5 things to know about You Have Options by François Houle, Alexander Hawkins and Harris Eisenstadt

François Houle/ Alexander Hawkins/ Harris Eisenstadt

You Have Options | Songlines

The bringing together of clarinetist François Houle, pianist Alexander Hawkins and drummer Harris Eisenstadt came about in 2014. That’s when Ken Pickering, the late co-founder and artistic director of the TD Vancouver International Jazz Festival, suggested Alexander Hawkins as a piano player in a new Houle project.

Eisenstadt, a Brooklyn-based Canadian bandleader/composer, was already on deck in the drummer’s seat, but Oxford-based Hawkins wasn’t known to Houle. He had however played with Eisenstadt before.

Pickering was legendary in his ability to bring players together in successful combinations. Houle trusted him on his selection and so it came to pass that the trio played two freewheeling shows at the 2014 festival. The project remained on the back burner for the busy players for a few more years until the chance to record arrived.

By that point, the members all had compositions to bring to the sessions as well as ideas of who else to add in. Here are five things to know about it:

1 — The title track is awesome: Even if you didn’t like the music, Eisenstadt’s piece that the album is named after has one of the best song titles ever. The complete title is You Have Options, I Have a Lawyer. It’s a beautiful tune that builds slowly for about half the song before it picks up on a somewhat sombre groove that opens up for Hawkins to lay down some really random piano that just hits perfectly.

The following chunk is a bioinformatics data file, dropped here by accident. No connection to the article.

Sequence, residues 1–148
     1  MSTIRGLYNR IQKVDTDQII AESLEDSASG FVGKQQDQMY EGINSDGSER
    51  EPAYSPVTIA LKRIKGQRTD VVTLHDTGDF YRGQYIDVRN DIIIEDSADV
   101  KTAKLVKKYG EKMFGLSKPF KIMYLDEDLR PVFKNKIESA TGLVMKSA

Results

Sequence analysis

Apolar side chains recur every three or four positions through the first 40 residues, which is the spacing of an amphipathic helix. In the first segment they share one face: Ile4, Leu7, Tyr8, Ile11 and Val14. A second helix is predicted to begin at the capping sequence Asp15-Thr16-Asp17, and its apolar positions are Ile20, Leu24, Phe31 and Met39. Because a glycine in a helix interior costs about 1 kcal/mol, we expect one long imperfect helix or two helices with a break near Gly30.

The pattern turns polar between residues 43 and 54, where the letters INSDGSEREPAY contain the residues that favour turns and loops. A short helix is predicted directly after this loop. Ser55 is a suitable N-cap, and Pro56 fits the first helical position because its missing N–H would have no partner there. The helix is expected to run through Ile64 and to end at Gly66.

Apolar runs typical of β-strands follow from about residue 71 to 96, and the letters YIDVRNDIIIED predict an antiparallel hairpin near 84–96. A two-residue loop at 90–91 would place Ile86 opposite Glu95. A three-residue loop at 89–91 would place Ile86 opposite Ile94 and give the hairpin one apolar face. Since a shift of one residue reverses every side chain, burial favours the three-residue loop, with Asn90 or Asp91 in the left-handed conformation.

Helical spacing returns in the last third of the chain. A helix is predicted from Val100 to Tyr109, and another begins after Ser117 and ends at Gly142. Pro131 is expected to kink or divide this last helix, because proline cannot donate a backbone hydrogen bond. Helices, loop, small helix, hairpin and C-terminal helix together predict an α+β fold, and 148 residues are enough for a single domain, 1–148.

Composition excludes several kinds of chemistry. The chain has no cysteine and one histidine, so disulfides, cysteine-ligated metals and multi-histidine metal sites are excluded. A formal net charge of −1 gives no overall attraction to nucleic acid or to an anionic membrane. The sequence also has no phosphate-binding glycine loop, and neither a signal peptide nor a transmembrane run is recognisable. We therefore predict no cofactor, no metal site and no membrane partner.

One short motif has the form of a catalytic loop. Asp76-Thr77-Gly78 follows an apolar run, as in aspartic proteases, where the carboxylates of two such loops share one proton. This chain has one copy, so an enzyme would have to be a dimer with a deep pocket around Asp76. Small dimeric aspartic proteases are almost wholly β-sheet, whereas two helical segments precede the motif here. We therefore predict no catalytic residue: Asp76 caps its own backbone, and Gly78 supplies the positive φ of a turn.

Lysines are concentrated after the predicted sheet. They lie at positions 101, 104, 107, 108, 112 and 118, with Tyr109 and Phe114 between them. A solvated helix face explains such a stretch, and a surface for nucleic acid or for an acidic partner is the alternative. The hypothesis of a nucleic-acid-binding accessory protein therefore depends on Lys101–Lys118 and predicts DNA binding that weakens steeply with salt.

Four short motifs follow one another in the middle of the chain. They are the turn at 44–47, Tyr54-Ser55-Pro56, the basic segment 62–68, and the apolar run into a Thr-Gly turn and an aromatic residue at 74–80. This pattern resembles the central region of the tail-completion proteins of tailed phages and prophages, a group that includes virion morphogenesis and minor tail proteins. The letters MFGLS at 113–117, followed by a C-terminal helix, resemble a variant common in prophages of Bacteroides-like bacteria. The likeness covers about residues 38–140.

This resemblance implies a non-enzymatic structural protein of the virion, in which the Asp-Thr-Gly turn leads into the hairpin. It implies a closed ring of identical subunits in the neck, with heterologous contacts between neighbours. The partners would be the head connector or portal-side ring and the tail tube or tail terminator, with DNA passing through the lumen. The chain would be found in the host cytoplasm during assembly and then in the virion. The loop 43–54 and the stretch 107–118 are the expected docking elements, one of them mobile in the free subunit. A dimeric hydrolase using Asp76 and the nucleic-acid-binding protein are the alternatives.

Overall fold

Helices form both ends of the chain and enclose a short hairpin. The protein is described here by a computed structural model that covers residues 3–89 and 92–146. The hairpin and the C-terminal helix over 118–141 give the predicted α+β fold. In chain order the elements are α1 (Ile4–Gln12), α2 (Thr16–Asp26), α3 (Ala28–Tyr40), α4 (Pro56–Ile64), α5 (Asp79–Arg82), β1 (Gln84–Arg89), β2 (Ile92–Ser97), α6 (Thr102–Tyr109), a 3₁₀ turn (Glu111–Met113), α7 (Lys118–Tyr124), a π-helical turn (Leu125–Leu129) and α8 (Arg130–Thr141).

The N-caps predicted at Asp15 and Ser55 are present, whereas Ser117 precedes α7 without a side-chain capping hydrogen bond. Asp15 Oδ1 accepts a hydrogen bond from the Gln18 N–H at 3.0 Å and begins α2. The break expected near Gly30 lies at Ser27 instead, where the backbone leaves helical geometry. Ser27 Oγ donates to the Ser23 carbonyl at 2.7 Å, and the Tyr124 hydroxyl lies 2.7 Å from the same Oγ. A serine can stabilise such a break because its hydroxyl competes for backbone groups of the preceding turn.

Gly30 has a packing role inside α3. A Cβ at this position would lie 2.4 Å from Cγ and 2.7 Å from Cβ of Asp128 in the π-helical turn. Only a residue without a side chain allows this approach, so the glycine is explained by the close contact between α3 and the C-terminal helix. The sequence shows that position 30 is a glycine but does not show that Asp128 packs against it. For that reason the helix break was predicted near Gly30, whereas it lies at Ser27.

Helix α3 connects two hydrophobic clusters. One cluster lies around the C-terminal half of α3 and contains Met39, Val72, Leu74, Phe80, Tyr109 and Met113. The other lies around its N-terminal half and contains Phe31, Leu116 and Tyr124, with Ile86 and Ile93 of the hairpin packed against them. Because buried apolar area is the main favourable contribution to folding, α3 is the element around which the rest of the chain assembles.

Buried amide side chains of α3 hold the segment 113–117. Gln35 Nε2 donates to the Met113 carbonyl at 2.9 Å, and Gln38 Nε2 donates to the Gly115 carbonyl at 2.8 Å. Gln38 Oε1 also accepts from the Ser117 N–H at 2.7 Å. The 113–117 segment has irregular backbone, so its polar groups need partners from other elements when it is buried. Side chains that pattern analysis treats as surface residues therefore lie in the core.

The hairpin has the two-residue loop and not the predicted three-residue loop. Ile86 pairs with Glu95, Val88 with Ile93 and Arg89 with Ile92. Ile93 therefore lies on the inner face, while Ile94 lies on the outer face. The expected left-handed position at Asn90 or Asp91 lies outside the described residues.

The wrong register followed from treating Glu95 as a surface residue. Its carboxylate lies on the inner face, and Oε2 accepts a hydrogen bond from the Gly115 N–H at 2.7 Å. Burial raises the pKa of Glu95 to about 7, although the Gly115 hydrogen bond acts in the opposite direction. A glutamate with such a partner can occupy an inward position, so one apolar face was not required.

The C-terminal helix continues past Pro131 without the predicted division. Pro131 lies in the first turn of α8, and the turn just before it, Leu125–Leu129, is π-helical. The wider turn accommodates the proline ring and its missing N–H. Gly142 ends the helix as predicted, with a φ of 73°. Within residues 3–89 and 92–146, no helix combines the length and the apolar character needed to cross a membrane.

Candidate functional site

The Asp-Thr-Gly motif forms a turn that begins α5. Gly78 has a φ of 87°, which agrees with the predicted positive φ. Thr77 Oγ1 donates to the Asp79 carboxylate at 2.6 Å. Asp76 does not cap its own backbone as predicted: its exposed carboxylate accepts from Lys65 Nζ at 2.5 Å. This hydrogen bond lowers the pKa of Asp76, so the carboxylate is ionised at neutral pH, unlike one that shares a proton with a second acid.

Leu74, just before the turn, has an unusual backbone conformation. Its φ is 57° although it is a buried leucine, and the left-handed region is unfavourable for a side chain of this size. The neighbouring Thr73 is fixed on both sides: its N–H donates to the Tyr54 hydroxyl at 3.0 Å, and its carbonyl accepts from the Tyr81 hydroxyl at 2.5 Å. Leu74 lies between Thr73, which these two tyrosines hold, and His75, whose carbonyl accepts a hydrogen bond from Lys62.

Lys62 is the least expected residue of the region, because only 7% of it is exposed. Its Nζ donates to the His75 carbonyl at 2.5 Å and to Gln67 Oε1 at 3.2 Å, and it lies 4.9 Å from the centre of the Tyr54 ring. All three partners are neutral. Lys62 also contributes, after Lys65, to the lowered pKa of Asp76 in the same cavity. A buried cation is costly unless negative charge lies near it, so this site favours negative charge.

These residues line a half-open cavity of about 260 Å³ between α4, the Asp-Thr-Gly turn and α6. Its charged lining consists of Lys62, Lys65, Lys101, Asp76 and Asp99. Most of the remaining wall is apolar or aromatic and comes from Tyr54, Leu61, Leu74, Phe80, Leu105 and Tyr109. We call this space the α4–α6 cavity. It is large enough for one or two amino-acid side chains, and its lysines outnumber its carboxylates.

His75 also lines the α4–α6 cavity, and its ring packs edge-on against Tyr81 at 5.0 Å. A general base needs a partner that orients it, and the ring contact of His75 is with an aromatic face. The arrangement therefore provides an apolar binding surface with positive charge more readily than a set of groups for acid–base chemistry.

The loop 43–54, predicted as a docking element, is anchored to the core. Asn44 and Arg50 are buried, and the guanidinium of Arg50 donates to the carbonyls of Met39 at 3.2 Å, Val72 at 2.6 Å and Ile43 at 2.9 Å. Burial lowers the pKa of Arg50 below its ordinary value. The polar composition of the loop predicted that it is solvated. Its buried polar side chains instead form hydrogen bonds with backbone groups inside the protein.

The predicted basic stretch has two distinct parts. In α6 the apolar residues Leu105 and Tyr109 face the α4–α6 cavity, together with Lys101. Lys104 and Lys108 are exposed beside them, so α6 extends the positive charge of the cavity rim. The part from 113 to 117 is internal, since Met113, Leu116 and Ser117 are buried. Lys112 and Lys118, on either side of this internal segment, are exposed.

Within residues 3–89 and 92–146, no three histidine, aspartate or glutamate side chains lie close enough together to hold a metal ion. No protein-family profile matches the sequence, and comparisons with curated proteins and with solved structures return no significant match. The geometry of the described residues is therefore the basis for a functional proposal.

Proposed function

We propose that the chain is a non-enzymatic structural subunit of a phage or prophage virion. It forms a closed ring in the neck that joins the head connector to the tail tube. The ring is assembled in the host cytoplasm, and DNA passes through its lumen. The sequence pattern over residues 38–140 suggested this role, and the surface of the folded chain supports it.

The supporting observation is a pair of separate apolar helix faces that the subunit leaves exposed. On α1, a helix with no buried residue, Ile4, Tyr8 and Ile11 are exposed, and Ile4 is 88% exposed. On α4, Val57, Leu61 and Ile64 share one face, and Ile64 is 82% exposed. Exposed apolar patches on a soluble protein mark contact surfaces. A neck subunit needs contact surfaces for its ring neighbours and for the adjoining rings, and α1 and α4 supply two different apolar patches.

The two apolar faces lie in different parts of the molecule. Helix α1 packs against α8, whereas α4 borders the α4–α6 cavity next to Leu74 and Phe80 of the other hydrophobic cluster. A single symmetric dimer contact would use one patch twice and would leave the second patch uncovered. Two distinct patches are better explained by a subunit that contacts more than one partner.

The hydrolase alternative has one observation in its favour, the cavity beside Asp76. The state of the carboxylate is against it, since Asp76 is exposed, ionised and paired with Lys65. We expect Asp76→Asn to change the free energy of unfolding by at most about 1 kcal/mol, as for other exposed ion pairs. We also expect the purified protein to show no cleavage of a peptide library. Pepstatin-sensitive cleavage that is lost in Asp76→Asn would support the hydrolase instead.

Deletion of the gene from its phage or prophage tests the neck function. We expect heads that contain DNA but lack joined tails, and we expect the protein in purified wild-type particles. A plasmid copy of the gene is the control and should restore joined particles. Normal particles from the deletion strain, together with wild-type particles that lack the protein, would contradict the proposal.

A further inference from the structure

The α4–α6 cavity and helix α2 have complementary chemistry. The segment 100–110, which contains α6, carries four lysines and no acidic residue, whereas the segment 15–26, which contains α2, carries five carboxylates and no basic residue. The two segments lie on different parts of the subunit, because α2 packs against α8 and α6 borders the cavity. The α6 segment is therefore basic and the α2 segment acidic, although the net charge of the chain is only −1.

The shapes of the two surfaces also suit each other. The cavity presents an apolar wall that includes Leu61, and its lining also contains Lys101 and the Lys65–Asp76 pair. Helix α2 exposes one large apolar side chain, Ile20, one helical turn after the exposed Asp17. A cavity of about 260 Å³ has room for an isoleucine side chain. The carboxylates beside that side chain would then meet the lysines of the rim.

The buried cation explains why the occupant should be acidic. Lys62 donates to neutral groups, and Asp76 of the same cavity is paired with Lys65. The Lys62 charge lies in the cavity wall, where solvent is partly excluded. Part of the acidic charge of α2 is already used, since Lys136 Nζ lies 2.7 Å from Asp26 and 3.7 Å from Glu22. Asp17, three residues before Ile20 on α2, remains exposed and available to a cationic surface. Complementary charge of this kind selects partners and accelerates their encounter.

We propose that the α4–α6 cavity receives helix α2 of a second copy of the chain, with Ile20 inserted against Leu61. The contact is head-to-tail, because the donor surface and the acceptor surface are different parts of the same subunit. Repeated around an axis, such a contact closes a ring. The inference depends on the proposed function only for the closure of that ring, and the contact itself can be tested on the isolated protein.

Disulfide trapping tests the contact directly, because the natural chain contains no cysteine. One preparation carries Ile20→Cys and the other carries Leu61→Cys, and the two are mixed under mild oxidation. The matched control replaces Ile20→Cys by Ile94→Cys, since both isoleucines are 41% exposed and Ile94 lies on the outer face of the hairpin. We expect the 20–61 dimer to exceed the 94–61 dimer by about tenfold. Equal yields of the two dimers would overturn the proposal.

2 — Run Riot: While the music on You Have Options runs the gamut of open spaces to interwoven grooves, no other song is quite as wide-open and free as track three. This Houle composition showcases the clarinetist’s ability to soar all over and around his rhythm section and howl. There is a point at 2:37 when his instrument sounds like it wants to surrender; awesome.

3 — Prayer: A solemn piece which may well be my favourite on the whole record, this six minute-long song rides in on a simple rhythm pattern all awash in big full piano chording and then Houle just solos his heart out over top of it all. The effect is meditative and lovely.

4 — Steve Lacy, Andrew Hill, Charles Ives: Among the other composers whose material turns up on the session are pieces from jazz greats Lacy and Hill as well as classical modernist Ives, who has

Source:: Vancouver Sun – Entertainment

      

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